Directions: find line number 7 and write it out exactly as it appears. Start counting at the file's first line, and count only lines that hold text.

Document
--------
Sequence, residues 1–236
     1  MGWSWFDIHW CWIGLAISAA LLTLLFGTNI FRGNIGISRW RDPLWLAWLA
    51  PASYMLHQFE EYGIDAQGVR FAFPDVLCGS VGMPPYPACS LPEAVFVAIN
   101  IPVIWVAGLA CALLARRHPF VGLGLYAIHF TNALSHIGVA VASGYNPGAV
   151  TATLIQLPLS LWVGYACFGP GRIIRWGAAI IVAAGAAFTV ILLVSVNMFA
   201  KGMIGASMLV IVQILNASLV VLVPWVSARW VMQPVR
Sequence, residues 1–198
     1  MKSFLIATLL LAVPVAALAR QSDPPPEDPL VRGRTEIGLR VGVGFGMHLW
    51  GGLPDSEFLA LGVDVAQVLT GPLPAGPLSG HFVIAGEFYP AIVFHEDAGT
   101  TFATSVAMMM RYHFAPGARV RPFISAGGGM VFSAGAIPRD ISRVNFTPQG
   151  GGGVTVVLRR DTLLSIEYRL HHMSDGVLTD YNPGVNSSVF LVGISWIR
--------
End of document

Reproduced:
Sequence, residues 1–198